Is individualism equal to furthering own interests only? Are strong individuals more effective egoists?
There is reason for doubt.
We all know people with real strength – in the sense of mental resources to get results and to care for those involved. Such people may be as soft-spoken as Rosa Parks, but their individuality is in no doubt. Sustainably useful activities (e.g. Wikipedia) are often founded by strong individualists.
However, no matter how big a blessing such apparent altruism may be, if we try to “install” it by authoritarian means or if we try to automise altruism by eliminating individual uniqueness, we seem to automise egoism instead! Why is that?
Actually we know why. We know it by introspection and by observation that egoism really is a sign of weakness in the sense of a lack of mental, emotional, physical and strategic resources to create win-win situations.
We see this weakness in ourselves, in other individuals and in companies. It shows whereever there is fear of being indistinguishable. It is caused by a false belief that we cannot (or should not) contribute anything uniquely useful.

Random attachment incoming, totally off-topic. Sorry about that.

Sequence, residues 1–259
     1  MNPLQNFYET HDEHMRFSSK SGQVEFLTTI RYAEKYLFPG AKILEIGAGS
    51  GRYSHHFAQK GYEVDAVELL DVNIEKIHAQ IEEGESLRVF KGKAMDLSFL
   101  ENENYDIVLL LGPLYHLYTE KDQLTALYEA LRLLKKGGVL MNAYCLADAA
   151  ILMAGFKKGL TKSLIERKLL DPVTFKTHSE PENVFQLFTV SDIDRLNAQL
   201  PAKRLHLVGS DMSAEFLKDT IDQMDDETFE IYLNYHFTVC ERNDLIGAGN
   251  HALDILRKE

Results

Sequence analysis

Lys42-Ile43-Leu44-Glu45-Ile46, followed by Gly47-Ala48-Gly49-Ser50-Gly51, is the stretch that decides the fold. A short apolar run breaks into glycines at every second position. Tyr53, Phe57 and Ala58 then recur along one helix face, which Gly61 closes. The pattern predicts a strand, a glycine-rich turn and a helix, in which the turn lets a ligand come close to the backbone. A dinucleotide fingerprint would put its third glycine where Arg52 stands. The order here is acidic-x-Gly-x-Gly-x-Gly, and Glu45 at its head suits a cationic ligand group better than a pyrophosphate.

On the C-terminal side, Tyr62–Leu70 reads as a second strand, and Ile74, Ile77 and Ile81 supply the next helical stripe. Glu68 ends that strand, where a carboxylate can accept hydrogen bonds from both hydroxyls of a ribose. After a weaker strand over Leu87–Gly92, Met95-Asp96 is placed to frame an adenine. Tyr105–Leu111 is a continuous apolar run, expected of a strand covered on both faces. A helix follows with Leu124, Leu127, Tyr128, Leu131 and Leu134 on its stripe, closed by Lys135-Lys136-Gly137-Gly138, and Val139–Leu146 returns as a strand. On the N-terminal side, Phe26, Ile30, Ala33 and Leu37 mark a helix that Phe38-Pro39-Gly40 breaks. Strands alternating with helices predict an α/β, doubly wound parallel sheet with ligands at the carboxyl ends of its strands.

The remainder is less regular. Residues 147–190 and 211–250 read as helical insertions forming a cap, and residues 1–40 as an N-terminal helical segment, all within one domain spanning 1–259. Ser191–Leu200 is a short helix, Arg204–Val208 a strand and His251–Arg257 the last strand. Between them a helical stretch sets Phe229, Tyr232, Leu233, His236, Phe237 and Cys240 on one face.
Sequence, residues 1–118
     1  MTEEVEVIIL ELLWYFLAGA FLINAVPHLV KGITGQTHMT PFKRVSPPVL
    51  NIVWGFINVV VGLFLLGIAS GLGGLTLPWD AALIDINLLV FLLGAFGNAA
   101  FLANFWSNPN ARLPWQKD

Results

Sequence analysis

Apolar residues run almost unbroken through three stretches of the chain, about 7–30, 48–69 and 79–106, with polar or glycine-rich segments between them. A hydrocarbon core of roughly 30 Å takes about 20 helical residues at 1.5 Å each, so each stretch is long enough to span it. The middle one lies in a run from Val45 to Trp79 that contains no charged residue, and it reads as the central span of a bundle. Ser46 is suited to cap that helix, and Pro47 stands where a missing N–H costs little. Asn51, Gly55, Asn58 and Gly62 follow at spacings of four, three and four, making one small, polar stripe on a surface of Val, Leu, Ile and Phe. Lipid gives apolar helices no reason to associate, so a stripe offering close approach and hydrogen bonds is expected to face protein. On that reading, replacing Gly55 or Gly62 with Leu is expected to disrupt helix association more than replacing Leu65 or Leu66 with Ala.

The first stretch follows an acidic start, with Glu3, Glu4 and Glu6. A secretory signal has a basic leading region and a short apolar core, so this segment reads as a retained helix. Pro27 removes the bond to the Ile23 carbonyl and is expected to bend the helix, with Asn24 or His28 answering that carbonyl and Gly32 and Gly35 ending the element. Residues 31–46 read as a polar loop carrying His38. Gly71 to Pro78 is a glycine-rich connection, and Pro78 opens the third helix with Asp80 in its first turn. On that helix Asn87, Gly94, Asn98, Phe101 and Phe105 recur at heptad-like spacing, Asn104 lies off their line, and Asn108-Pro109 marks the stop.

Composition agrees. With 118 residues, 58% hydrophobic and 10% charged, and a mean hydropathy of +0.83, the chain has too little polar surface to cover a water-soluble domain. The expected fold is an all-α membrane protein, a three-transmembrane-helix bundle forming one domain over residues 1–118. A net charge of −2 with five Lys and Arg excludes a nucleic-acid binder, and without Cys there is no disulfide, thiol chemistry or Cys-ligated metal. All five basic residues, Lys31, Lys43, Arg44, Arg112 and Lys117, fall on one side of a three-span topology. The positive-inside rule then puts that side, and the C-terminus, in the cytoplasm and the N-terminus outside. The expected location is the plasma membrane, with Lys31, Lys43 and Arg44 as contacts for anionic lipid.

Companies with a unique selling proposition are more confident and genuinely cooperative! Unique selling personalities (even if they only sell commodities) are more confident, more cooperative and have loyal customers. Leaders with a unique proposition of leadership are more confident and more cooperative. And they attract positions where they really can contribute.
Is this uniqueness detectable when it is not manifest yet? In individuals? In companies? Is it a gift we cannot control or an accidental market phenomena?